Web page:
The largest investor in Parkland Corp. says it’s considering options to safeguard its rights after the Canadian fuel retailer moved the annual meeting to a date later this month — restricting the shareholder’s ability to nominate directors or vote in disagreement with the board.

Last week, Parkland filed a notice that it will hold its shareholders’ meeting on March 28 this year, instead of the usual timing in May. The date matters to Simpson Oil Ltd., which owns about 19.7 per cent of Parkland, because until March 31, it’s bound by an earlier agreement that prevents it from putting up its own directors for election to the board, or opposing the board’s chosen nominees. 

After March, “Simpson Oil will evaluate and consider its ability to fully exercise and protect its shareholder rights,” the Cayman Islands-based firm said Sunday. 

Calgary-based Parkland is one of Canada’s largest owners of gas stations and has a stock market value of about $7.5 billion. The tension between the company and its biggest shareholder has been simmering for months. 

In December, Simpson Oil’s two members on Parkland’s board resigned after less than a year, with little explanation. Simpson and Parkland have publicly disagreed about the status of governance and nomination agreements that they had signed — agreements that prohibited Simpson from engaging in any public activist efforts against the company.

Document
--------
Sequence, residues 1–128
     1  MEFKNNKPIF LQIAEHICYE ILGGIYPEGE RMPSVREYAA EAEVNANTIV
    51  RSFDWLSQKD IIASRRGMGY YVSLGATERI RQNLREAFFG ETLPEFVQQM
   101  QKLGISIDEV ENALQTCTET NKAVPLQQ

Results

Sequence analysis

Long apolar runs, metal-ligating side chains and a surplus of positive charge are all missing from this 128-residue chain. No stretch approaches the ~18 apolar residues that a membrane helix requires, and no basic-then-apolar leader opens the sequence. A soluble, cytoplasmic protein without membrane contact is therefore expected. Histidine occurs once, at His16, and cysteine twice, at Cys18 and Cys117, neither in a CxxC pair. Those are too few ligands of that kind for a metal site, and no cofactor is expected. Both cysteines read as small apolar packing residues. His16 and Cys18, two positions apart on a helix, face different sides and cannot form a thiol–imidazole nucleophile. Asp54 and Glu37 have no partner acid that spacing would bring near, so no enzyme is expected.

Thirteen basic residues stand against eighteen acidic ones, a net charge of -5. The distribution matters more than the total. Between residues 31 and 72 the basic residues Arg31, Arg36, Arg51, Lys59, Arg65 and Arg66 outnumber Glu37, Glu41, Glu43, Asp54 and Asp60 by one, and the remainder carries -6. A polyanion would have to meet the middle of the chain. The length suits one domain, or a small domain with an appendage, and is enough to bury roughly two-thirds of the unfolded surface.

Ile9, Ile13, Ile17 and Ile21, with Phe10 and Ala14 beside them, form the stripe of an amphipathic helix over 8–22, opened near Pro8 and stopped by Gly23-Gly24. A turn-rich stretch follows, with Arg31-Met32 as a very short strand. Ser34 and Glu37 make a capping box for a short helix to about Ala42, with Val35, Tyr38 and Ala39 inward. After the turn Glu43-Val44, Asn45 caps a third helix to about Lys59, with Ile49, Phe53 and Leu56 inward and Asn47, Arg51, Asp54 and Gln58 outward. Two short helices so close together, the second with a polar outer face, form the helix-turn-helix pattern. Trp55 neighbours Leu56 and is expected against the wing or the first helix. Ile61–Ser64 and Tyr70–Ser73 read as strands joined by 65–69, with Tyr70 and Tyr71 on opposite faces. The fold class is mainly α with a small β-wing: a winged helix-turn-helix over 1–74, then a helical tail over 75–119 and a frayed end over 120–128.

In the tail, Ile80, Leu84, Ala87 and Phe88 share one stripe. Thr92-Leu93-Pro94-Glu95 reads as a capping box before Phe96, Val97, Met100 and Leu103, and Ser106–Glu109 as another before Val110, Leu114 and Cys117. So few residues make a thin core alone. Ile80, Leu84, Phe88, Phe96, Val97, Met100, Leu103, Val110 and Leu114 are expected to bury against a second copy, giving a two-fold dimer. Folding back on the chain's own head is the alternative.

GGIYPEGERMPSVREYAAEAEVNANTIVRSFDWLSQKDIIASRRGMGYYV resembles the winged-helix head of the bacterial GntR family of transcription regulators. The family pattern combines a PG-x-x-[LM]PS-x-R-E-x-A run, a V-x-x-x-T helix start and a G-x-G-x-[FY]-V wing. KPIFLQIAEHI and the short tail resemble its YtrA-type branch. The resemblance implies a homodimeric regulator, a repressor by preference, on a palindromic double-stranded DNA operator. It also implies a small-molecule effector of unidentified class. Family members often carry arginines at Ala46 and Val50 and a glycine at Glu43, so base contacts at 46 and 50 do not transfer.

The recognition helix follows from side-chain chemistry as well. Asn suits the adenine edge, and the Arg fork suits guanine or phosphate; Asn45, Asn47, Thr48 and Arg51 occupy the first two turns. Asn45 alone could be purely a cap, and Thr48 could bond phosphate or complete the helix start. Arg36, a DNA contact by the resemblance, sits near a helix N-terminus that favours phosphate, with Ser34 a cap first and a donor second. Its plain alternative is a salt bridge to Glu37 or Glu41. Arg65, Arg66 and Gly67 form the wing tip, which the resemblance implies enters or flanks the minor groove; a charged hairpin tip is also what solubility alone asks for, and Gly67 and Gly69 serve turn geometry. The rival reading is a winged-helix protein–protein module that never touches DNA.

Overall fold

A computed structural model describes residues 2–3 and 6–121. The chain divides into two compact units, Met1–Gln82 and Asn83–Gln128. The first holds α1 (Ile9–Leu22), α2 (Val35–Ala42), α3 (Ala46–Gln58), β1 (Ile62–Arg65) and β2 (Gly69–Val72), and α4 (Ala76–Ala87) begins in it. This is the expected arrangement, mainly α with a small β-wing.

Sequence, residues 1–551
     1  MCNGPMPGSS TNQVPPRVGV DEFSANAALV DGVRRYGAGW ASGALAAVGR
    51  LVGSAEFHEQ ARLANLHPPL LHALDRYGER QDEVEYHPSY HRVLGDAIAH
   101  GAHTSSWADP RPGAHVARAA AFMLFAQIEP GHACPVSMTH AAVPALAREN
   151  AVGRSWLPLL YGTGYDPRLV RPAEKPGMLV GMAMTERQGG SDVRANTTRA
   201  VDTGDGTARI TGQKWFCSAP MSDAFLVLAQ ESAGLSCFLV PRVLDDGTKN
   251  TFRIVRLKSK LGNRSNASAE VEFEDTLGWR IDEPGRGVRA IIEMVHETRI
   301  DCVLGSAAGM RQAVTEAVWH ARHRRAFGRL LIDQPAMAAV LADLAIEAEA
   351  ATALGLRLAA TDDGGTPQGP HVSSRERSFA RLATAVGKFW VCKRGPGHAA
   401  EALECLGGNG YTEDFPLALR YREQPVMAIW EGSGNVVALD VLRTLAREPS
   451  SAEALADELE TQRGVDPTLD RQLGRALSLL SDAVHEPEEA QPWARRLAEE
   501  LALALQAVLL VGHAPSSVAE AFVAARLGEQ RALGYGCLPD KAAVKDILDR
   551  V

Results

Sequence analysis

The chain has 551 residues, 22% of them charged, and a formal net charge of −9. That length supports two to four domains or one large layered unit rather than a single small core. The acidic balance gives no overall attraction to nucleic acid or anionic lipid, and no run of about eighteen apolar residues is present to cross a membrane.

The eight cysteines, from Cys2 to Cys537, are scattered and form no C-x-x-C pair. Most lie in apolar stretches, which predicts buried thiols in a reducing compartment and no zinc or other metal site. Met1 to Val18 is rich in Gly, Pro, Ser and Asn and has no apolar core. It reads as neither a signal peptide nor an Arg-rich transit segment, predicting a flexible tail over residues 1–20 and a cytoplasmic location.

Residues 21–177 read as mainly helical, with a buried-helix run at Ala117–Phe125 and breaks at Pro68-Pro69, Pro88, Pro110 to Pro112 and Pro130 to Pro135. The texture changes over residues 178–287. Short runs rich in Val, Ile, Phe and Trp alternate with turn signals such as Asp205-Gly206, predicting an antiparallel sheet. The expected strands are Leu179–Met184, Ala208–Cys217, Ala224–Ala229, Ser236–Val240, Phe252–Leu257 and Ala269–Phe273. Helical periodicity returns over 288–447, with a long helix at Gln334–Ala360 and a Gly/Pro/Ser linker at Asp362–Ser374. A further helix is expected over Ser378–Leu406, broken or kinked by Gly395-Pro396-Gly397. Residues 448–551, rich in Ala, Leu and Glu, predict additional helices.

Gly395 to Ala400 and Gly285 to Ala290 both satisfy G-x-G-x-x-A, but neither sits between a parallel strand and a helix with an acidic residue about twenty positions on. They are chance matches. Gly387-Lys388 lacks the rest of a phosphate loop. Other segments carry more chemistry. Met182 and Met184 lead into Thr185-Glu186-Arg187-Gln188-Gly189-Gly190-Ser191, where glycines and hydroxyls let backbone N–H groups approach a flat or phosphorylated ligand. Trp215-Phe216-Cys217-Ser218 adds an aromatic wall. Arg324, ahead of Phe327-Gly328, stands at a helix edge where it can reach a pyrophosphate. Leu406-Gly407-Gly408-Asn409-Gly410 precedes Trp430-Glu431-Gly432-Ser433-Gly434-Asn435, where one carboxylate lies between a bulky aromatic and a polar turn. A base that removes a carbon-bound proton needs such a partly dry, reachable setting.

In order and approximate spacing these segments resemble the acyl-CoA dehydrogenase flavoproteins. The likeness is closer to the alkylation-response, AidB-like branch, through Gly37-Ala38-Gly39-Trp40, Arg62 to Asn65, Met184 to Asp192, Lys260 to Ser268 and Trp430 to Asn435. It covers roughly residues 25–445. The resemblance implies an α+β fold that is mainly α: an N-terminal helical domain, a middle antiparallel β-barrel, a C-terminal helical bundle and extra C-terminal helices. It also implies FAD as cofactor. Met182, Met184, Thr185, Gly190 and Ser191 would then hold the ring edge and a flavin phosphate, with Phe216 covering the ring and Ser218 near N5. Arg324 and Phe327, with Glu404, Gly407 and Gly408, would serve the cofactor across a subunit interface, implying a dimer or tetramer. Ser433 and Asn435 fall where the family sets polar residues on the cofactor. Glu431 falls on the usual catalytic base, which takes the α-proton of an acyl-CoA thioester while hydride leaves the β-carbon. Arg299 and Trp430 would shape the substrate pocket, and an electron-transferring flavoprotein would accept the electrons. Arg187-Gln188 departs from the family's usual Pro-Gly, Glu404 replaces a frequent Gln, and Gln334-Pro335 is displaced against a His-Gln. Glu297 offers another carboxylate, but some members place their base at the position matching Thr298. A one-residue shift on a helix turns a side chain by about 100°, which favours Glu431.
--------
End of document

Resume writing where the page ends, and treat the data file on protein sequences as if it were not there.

Under the terms of those deals, Simpson Oil is currently restricted from making any disparaging comments about the company or any of its executive or employees, according to Simpson. 

“Simpson Oil waived its rights under the nomination agreement on 31 December 2023 in the expectation that it would be able to exercise its shareholder rights free from any restrictions at Parkland’s 2024 AGM,” the statement Sunday said. 

Parkland has made a number of changes to its business over the past year after U.S.-based activist investor Engine Capital LP publicly pushed the fuel retailer to sell some assets, cut costs and change how executives are paid. 

Parkland shares rose 44 per cent last year in Toronto after three straight years of losses.